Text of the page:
Carl Fredricksen

I don’t know the names of many people in the village.  I give them names, names that I can remember.  Today I want to introduce you to Carl Fredricksen.  You know, the guy from Up.


Up was one of my favourite animated movies.  Generally I am not a fan of animation.  I am probably going to be vilified here by saying I did not like The Lion King.  No I did not.  But I enjoyed Up.  I cried in Up.  This movie is a good example of western society and our treatment of the elderly.  Too many of our elderly are discarded and forgotten in our rush to continue with our own selfish lives.  I find that in Turkey, society as a whole look after their elderly as is their tradition and custom. The majority of elderly live with their family, their children or their grandchildren.  They are looked after with love as it is the family’s duty to do so however even in Turkey some elderly fall through the cracks merely because they do not have any family.

Like Carl Fredricksen my “Carl” is a lonely old man.  I have met him many times, he used to be a regular visitor at my mother in law’s home.  She told me that he had few friends and no family so she always made him feel welcome in her home.  He cannot speak.  He has no tongue.  I do not know if it was removed for a medical reason or if it was removed for other reason.  He was a toy maker by trade.  He used to make toys for the village children and his house is, apparently, filled with the toys intended for his own children however this was not meant to be as he never married.  How sad is that?

He spends his days walking through the village and I would often see him while I am on my walks with My Hurley Dog.  He would stop and pat My Hurley Dog and give me a smile and a grunt when he sees me.

Daughter always makes a point of running up to him and calling him Dede (Grandfather).  Those of you who know us personally are aware of Daughter’s abilities and one of them is her ability to be empathetic.  She has always been able to channel other people’s feelings, whether it be tears of sadness or excitement and joy.  Since moving here I have witnessed her many times see Carl from our window and run downstairs to give him a hug.  She took this photo of Carl a few weeks back and he was so very excited to see himself on the screen.  We realised that he did not have a photo of himself so Daughter is waiting until she sees him next to take another photo of him, have it printed and present it to him in a photo frame.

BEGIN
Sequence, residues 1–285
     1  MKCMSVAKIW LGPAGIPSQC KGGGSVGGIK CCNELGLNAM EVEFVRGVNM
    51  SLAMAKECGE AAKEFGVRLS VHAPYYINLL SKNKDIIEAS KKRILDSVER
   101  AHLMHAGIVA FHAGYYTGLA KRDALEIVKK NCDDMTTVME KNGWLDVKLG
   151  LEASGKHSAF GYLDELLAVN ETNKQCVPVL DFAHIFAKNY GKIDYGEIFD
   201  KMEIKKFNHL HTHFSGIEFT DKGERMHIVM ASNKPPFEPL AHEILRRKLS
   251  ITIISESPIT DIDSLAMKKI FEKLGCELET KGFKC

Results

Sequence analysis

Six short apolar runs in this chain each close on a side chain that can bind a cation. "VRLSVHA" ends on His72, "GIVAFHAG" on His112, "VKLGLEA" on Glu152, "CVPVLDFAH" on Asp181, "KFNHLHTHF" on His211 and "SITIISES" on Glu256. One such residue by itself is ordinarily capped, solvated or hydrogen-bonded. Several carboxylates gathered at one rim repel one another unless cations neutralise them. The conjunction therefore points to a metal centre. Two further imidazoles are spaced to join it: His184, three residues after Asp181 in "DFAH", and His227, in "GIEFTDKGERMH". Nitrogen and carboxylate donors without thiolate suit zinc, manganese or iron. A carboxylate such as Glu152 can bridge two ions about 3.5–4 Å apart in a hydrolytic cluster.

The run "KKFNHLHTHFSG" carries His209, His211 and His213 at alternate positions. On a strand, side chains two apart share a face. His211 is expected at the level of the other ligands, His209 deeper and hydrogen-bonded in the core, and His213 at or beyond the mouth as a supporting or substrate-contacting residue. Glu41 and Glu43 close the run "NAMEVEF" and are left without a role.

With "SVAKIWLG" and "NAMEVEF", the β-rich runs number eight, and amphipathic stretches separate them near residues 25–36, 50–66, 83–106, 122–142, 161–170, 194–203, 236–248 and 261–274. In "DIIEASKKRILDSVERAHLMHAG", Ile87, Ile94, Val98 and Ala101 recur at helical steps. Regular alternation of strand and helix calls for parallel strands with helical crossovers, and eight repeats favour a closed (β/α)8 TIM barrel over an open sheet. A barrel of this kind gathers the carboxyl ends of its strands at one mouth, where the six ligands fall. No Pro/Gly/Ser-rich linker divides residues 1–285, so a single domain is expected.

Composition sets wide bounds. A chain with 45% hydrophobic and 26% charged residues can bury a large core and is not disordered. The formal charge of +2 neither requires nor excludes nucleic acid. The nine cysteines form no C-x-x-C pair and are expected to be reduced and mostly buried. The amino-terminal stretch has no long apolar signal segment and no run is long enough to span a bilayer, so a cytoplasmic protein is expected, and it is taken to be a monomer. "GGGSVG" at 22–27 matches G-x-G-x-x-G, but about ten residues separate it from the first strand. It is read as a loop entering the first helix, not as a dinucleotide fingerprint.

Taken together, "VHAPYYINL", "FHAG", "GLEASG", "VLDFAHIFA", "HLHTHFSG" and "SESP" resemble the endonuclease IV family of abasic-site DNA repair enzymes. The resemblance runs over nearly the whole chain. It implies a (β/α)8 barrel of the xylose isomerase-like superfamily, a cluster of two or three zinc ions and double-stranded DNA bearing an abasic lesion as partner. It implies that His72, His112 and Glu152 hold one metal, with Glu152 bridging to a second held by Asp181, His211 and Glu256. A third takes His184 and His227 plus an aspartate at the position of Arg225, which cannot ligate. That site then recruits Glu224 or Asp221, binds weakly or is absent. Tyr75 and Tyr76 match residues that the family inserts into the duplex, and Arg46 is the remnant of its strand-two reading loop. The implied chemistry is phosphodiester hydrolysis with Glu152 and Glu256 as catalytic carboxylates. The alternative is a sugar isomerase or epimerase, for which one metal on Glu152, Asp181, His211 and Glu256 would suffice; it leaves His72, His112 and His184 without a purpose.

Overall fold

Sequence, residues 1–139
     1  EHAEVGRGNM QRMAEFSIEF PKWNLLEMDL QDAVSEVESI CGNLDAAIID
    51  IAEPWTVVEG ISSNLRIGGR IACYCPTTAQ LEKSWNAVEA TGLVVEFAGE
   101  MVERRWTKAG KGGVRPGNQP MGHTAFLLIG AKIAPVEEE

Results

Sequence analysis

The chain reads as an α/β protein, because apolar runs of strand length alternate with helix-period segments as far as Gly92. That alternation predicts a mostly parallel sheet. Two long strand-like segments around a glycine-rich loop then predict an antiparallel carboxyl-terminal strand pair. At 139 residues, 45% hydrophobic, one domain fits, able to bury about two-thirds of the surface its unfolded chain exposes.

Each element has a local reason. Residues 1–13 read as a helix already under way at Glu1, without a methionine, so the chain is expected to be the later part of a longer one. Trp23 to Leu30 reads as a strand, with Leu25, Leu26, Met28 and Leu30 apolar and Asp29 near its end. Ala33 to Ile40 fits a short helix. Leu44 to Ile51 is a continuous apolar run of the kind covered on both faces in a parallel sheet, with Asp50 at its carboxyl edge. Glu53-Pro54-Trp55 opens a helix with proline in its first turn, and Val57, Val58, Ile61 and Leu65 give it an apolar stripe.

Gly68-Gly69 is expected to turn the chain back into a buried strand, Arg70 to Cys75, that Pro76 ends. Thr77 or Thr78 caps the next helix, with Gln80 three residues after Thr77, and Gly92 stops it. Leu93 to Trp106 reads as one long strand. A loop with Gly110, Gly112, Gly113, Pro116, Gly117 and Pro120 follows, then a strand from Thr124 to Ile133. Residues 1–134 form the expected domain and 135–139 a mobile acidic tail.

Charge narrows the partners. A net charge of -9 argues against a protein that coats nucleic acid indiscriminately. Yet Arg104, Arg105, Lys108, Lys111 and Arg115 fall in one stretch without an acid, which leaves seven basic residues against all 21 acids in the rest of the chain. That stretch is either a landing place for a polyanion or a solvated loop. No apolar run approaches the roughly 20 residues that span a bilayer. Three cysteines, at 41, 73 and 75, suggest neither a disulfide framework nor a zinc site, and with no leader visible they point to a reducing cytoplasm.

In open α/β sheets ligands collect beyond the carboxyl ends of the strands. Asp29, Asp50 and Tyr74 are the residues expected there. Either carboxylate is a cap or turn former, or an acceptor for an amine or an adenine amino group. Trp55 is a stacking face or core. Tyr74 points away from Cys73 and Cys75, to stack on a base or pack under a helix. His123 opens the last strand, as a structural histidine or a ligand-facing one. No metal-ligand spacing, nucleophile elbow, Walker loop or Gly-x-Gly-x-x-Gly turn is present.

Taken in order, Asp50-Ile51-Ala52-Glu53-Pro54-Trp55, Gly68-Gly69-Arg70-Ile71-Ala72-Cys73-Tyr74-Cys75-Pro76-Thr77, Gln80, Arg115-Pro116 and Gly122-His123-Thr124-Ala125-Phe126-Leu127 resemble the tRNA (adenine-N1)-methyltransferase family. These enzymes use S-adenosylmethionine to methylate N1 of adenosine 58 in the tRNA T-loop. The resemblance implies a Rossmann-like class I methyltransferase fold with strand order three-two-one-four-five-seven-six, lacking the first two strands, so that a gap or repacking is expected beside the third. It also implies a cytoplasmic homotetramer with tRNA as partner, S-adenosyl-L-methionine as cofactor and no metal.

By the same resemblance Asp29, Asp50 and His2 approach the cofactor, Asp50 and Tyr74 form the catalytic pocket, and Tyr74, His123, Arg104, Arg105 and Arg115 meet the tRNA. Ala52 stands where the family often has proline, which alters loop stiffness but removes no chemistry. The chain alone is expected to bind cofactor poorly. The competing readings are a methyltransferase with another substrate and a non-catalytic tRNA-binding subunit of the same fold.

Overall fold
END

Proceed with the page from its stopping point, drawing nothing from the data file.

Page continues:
We only have one life, one chance.  What we do with it is up to us isn’t it?


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13 thoughts on “Carl Fredricksen

  1. That’s really beautiful. I hope I can raise my daughter to be as kind and empathetic as yours! Maybe you can write a post where you give us your parenting secrets 🙂 She’s lucky to have you as well. In just the short time I have been reading your blog I can see that your positivity and sense of humour just shines through. You seem to embrace your new life and roll with the punches in a way that few of us are able!


    • Daughter has the right idea, a hug or a “Gunaydin” is all most people need to brighten their day here. I have taken to smiling at every single person I walk past (even those grumpy old women who give me the evil eye when I walk past their house). The women are always more grumpy than the men here.


      • I know what you mean. There are three widowed old ladies that live near me and they wouldn’t look or talk to me for quids but every time I see them I wave and say a big grinning CIAO!! and after three months they are waving and grinning right back at me…it’s my favourite time of day seeing them. I hope people treat me like that when I am old x


  2. Lovely post Jane. You have a beautiful daughter, inside and out.
    The way they treat the elderly in the UK these days is disgusting. I gave a guy (about 85) a hug in the Co-Op the other day, apologizing to him for missing out on Hug Day. Judging by his smile, it made his day. I can be a little impulsive sometimes.
    In my banking days, a lot of my regulars were pensioners, several told by their friends to come and see me if they had a problem with their rates (I was the standing order clerk as well as a cashier). For many, it was the only interaction with other people.
    ‘Up’ is also one our favourite animated films (didn’t like The Lion King either). We both cried, and often meet up with a lady whose dog Bridie is the spitting image of Doug.


  3. Such a lovely post. And bless your daughter for taking the time to say hello to him, and to give him a photo of himself. Such a simple but profound gesture! 🙂


  4. Pingback: No one is left behind | janeyinmersin

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